Among the many accessories that both men and women might carry in the sixteenth century were finely made Cordoba leather gloves. People carried a variety of gloves during the time period, including gloves made from leather, suede (leather with a rough surface), or kid (the skin of a young goat), but the most prized gloves were made of leather from Cordoba, Spain. Cordoba had been a center for leather tanning since the eighth century C.E. , and it was known for the outstanding quality of its leathers, which came in a variety of colors. A fancy pair of gloves had delicately sewn fingers and might be perfumed. Some gloves had long gauntlets, or decorative extensions that extended beyond the wrist. These gauntlets might have fringes or scallops and could be embroidered or studded with jewels.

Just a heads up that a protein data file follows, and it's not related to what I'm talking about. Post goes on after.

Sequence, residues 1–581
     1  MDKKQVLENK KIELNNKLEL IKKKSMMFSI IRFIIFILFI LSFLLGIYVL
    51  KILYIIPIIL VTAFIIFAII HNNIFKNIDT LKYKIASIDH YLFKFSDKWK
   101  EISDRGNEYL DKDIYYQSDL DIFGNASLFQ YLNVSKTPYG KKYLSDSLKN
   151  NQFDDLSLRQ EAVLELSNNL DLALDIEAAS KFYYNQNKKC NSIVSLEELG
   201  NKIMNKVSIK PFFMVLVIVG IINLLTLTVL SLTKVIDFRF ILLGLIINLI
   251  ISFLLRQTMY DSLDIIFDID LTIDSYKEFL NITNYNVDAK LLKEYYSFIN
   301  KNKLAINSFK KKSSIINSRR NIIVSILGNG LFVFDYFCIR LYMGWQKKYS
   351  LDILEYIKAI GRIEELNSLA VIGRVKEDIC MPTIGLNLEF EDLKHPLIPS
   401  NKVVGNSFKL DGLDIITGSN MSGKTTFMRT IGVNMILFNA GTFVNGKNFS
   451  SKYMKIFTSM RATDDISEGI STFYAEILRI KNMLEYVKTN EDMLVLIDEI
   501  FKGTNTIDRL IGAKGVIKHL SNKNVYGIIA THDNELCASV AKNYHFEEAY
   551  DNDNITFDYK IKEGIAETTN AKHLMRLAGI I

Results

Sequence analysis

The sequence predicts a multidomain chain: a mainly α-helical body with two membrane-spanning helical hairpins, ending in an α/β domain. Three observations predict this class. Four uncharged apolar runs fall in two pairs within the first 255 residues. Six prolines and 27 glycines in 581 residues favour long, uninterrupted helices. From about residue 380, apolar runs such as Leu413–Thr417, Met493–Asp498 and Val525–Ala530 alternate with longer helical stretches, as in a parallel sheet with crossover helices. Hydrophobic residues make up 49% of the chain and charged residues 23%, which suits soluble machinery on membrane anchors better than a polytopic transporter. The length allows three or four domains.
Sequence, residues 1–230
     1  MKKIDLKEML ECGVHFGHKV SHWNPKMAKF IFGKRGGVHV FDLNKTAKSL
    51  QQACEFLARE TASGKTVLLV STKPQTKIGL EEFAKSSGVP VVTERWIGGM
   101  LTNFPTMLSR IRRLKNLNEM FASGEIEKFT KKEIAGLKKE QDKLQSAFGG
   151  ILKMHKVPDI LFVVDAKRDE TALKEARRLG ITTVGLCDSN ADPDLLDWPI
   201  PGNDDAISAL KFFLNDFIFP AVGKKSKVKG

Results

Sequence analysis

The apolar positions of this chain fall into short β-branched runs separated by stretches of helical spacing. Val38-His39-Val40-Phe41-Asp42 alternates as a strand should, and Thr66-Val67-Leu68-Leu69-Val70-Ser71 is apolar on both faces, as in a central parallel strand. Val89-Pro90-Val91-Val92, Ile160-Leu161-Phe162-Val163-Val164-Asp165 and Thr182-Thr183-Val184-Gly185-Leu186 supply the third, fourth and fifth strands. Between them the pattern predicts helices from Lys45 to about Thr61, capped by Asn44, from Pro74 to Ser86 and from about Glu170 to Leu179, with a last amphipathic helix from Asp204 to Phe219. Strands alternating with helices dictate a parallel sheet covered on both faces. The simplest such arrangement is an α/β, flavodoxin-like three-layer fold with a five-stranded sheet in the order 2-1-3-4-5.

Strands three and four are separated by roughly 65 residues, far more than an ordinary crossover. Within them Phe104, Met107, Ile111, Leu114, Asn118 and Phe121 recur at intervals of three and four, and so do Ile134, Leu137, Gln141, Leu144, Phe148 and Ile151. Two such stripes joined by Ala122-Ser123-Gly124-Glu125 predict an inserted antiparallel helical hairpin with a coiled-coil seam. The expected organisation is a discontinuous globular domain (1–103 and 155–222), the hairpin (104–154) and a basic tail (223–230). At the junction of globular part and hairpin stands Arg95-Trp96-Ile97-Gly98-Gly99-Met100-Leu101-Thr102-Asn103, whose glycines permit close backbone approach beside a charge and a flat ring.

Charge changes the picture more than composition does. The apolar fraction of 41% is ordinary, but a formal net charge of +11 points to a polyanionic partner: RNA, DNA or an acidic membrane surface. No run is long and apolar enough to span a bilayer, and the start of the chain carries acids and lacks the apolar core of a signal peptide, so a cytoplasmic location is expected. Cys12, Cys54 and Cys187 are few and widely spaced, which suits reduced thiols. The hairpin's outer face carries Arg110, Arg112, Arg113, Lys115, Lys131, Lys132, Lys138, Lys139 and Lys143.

The fanciest Cordoba leather gloves were probably never worn. Instead they were carried as a pair, either held gracefully in the hand or tucked into a decorative belt worn around the waist. The gloves that people actually wore for work, riding, or bird handling were made of more common leather.
Payne, Blanche, Geitel Winakor, and Jane Farrell-Beck. The History of Costume. 2nd ed. New York: HarperCollins, 1992.
Yarwood, Doreen. The Encyclopedia of World Costume. New York: Charles Scribner's Sons, 1978.